First, if we take N ≈ 90, then each observation in our data set has a standard deviation of approximately sigmai/√{90}. Using weights of 90/sigma2i implies that the error mean square should be estimating a quantity very close to unity. The vwls output tests this hypothesis directly. It is reported as the ``goodness of fit'' chi squared statistic.

. gen stderr = sd/sqrt(90)

. vwls y x, sd(stderr)

Variance-weighted least-squares regression           Number of obs   =       7
Goodness-of-fit chi2(5)    =    5.45                 Model chi2(1)   =   31.39
Prob > chi2                =  0.3638                 Prob > chi2     =  0.0000
       y |      Coef.   Std. Err.       z     P>|z|       [95% Conf. Interval]
       x |   .2048013   .0365571      5.602   0.000       .1331507    .2764518
   _cons |   12.79641   .6526019     19.608   0.000       11.51734    14.07549
Changing N ≈ 90 to other values in the vicinity, say 70--100, doesn't affect the conclusion that there is little evidence for lack of fit for the straight-line model.

This conclusion, of course, depends on the assumption that each y value in the second column of Table 4.9 is the average of around 90 values. If, on the other hand, each of these is an average of 1000--2000 values (whose standard deviations are given in column 3), then there is strong evidence for lack of fit.

A second approach is to fit a parametric version of a nonlinear model, for instance, by adding a quadratic term to the model. (This is a reasonable alternative, based upon inspection of the graph of y vs x.) This approach results in the same conclusion (that there is no definitive evidence to suggest lack of fit), but the evidence here is less clear (p=0.092 for the lack of fit test).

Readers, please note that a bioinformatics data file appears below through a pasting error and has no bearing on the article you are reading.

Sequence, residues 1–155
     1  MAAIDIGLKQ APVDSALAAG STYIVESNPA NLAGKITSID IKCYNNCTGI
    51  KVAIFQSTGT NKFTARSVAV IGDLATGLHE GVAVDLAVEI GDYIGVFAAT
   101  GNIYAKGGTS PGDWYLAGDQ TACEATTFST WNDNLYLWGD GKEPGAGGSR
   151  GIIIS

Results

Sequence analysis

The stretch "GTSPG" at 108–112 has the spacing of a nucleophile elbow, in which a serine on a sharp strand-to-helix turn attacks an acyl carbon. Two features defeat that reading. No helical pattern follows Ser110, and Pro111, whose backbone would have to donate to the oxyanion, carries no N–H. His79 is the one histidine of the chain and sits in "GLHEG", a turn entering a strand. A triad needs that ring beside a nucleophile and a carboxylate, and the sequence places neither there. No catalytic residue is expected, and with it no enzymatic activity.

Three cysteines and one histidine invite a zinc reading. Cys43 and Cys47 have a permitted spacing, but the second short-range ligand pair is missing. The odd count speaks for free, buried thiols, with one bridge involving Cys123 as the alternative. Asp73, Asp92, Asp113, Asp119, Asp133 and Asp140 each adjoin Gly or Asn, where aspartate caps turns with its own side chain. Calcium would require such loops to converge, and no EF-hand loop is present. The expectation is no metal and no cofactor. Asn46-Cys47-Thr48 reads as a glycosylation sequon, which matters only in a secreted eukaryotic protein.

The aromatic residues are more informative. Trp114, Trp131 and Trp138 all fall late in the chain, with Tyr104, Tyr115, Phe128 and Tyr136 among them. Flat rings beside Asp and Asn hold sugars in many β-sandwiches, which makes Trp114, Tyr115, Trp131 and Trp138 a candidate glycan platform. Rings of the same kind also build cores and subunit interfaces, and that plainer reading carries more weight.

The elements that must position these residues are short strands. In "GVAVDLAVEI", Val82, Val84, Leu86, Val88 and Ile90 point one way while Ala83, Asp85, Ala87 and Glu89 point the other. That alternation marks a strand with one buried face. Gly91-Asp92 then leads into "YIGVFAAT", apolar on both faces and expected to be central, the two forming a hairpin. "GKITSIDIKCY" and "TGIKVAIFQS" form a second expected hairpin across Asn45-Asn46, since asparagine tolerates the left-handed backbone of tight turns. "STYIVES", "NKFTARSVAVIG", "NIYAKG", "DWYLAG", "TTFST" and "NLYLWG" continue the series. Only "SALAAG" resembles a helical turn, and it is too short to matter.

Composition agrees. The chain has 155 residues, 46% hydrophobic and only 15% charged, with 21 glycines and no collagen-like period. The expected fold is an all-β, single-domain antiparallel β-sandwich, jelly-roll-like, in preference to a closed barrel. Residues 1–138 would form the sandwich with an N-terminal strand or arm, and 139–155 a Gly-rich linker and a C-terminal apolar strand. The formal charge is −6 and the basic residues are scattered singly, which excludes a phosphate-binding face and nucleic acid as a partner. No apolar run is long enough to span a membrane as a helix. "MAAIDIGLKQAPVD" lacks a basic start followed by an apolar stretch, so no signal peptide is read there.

. gen xsq = x^2

. wls y x xsq [aw=w]

WLS anova table uses renormalized weights (weight var is w)

  Source |       SS       df       MS                  Number of obs =       7
---------+------------------------------               F(  2,     4) =   28.05
   Model |  .381998671     2  .190999336               Prob > F      =  0.0044
Residual |  .027241506     4  .006810376               R-squared     =  0.9334
---------+------------------------------               Adj R-squared =  0.9002
   Total |  .409240177     6  .068206696               Root MSE      =  .08253

       y |      Coef.   Std. Err.       t     P>|t|       [95% Conf. Interval]
       x |  -1.133726   .6062199     -1.870   0.135      -2.816863    .5494097
     xsq |   .0372777   .0168643      2.210   0.092       -.009545    .0841005
   _cons |   24.66409   5.393139      4.573   0.010       9.690337    39.63785